Broad coalition urges House of Representatives to repeal medical device tax

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The fight for repeal of the medical device excise tax gain has continued to gain momentum. As the US House of Representatives gets set to vote on legislation that will repeal the 2.3% excise tax, a broad coalition of medical technology companies and leading associations wrote to Congressional leaders today urging them to repeal the onerous tax that they say will destroy jobs and harm innovation. With more than 700 signatories, the letter is signed by key organizations, including the Medical Device Manufacturers Association (MDMA), the AdvaMed, the Medical Imaging & Technology Alliance (MITA), the US Chamber of Commerce, the National Association of Manufacturers (NAM), the National Federation of Independent Business (NFIB), the National Venture Capital Association, and others.

“We continue to believe that implementation of what was to be a $20 billion excise tax–and is now estimated to collect over $30 billion in taxes–will adversely impact patient care and innovation, and will substantially increase the costs of healthcare,” the letter states.

The 2.3% medical device tax was passed as a part of the healthcare reform legislation in 2010, and the repeal bill, H.R. 436, the ‘Protect Medical Innovation Act,' is scheduled for a vote in the US House of Representatives this week.

The letter went on to note that, “At a time when the federal government is working to promote investment in US industries of the future, it is inconsistent that a tax of this magnitude would be considered on the medical device industry. We must do all we can to encourage and promote research, development, investment and innovation.”

“Members of Congress are asking America's innovators and manufacturers to help revive our economy, and repealing the job-crushing medical device tax would be a huge boost to these efforts,” said Mark Leahey, president and CEO of MDMA. “This bipartisan legislation supports a proud American success story, and removes a serious barrier to creating jobs and improving patient care. The small and innovative businesses that comprise the medical device community are counting on Congress to put an end to this misguided policy.”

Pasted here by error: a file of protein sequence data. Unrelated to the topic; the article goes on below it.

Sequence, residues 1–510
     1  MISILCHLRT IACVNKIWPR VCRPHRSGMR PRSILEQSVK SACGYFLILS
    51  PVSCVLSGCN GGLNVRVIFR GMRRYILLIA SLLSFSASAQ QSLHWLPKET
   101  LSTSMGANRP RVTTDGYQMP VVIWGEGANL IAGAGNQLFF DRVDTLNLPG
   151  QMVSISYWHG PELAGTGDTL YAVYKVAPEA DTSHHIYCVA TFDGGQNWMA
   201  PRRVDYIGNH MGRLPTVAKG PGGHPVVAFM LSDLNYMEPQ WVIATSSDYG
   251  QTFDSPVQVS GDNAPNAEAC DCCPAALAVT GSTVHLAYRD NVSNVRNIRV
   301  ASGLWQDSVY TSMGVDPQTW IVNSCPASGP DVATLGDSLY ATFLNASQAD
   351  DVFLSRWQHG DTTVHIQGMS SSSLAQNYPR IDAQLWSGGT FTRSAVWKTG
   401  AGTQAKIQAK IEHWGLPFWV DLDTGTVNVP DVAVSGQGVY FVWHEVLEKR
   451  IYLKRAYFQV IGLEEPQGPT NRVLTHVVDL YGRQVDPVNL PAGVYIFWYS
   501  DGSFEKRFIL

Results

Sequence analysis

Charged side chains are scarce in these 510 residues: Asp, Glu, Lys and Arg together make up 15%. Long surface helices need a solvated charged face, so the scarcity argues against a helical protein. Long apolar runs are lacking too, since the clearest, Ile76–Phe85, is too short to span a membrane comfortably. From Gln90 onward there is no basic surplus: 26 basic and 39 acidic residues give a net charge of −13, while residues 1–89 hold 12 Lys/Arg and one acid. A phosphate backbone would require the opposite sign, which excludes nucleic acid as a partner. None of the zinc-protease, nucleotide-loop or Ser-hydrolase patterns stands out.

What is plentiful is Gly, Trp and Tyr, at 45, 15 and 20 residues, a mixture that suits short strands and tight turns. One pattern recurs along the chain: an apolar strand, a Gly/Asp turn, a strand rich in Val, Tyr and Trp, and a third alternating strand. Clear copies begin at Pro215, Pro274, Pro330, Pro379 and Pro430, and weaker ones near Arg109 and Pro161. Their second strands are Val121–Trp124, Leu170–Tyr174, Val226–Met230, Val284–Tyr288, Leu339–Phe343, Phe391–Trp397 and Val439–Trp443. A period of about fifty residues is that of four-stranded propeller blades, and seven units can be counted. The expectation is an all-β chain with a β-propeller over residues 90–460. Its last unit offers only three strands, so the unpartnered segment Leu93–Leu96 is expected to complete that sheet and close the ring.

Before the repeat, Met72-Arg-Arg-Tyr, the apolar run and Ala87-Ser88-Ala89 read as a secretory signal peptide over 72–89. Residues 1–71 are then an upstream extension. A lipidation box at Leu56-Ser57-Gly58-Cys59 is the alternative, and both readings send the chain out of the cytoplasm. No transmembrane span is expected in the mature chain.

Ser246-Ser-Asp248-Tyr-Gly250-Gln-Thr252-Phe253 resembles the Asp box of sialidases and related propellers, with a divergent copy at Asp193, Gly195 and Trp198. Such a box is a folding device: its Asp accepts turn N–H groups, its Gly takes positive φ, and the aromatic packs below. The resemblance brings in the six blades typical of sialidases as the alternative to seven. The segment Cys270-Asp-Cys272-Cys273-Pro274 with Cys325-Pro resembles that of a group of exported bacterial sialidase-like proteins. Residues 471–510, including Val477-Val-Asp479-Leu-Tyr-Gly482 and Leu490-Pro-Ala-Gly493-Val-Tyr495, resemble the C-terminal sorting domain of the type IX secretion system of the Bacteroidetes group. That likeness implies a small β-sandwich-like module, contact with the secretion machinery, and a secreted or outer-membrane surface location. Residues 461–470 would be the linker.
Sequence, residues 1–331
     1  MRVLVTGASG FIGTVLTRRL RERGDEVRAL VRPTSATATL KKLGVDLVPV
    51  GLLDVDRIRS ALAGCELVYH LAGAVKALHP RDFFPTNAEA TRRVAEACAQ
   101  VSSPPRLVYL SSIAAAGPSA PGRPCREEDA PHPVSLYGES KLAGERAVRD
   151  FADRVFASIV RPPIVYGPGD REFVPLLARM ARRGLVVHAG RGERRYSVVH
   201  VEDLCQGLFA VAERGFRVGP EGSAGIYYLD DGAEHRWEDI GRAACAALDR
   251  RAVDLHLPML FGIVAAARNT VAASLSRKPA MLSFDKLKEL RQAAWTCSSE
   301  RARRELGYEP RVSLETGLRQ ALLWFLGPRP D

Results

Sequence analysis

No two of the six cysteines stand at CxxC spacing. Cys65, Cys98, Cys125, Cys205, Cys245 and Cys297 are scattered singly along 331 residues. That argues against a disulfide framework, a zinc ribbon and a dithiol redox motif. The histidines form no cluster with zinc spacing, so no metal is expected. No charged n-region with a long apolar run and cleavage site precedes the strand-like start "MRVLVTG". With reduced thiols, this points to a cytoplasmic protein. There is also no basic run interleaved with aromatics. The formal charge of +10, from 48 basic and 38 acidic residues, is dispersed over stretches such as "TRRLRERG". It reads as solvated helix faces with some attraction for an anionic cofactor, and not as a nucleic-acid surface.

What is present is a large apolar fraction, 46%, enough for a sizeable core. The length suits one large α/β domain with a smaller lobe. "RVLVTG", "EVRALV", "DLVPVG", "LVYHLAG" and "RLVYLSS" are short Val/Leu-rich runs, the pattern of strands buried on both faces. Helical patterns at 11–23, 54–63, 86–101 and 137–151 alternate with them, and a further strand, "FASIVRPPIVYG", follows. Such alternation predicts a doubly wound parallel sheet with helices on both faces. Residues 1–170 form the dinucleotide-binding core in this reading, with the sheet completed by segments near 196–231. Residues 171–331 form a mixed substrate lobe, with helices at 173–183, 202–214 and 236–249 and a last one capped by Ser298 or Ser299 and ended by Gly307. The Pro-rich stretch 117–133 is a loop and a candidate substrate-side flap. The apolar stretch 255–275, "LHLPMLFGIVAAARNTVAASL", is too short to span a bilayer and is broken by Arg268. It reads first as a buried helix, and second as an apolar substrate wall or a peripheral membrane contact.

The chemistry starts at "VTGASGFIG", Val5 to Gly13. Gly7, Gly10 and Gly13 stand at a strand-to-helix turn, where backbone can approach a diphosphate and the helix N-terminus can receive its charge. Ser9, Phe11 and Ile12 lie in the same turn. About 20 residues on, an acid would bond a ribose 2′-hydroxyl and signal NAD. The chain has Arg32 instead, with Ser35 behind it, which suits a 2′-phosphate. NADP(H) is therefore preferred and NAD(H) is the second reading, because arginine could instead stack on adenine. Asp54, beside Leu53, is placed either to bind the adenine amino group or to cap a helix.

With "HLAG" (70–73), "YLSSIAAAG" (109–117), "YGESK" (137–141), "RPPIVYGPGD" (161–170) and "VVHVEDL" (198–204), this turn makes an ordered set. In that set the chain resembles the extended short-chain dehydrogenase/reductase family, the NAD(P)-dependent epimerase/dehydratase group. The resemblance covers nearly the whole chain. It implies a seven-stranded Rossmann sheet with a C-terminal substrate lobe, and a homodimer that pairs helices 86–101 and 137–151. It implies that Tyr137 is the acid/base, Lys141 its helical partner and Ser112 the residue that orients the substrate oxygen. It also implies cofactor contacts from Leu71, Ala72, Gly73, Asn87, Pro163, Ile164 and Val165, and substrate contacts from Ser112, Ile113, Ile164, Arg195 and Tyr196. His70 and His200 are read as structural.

“Repealing the device tax is critical to saving jobs across the US. Study after study has shown that if this tax is implemented in January, tens of thousands of good-paying jobs will be at risk,” said Stephen J. Ubl, president and CEO of AdvaMed. “Congress should take a stand now to protect jobs, encourage competitiveness and preserve the research and development needed to find tomorrow's treatments and cures.”

“MITA members continue to oppose the medical device tax because it creates strong headwinds against an important sector of the US economy in difficult economic times,” said Gail Rodriguez, executive director of MITA. “Repeal of the tax is critical to bolstering the economy as it will preserve thousands of jobs and ensure that manufacturers can continue developing innovative medical technologies that benefit patients.”

“Allowing this tax to take effect prevents medical device companies from competing on a level playing field,” said Bruce Josten, executive vice president for Government Affairs at the US Chamber of Commerce. “It will put US medical device companies at a competitive disadvantage to global competitors. Jobs, economic output, and medical innovations will be lost. H.R. 436, the ‘Protect Medical Innovation Act,' would repeal the medical device tax, preserve Americans' quality of life, protect American jobs, and defend American innovation.”

“As the world's leader in innovative life-saving and life-enhancing treatments and equipment, medical device manufacturers and their employees are critical to our nation's health and prosperity,” said Aric Newhouse, senior vice president for Policy and Government Relations for NAM. “A punitive tax on these manufacturers will only serve to stifle innovation and cause devastating job losses. With slow economic growth and weak jobs numbers, it is essential that we repeal this ill-advised tax on job creators and innovators.”

According to AdvaMed, the $30 billion device tax would affect many companies that would owe more in taxes than they generate in profits, as the tax is applied to revenue. This would result in the elimination of jobs, cuts to research and development budgets, and roadblocks in the development of new therapies. Efforts to repeal the tax have included a grassroots campaign as well as consistent lobbying by industry groups.

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